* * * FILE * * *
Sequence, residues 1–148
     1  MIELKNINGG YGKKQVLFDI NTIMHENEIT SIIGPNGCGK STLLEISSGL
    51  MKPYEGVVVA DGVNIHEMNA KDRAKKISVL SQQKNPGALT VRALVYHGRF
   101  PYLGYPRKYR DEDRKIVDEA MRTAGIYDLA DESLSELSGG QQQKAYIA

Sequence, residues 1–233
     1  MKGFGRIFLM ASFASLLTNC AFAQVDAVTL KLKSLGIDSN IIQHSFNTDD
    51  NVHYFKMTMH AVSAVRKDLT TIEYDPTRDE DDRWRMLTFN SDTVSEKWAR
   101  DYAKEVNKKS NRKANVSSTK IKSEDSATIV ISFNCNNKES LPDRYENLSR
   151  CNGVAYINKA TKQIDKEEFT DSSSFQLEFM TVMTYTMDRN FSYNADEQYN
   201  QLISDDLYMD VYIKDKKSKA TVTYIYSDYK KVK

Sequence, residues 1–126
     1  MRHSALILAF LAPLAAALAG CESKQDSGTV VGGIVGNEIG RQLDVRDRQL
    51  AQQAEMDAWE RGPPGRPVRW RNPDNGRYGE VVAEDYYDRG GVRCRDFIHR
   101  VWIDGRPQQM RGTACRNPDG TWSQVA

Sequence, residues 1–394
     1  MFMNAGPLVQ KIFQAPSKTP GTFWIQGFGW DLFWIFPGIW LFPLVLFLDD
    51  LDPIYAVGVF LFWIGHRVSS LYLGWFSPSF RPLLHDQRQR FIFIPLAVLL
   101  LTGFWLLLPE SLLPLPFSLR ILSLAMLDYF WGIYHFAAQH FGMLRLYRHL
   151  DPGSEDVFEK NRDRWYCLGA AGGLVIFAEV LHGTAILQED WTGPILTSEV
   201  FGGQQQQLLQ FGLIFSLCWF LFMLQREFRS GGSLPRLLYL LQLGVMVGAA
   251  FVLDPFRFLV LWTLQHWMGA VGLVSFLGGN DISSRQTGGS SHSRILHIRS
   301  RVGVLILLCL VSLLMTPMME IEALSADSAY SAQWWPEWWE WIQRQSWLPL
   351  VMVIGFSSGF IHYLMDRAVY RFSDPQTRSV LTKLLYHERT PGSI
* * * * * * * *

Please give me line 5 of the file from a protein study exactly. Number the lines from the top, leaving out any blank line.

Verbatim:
Sequence, residues 1–233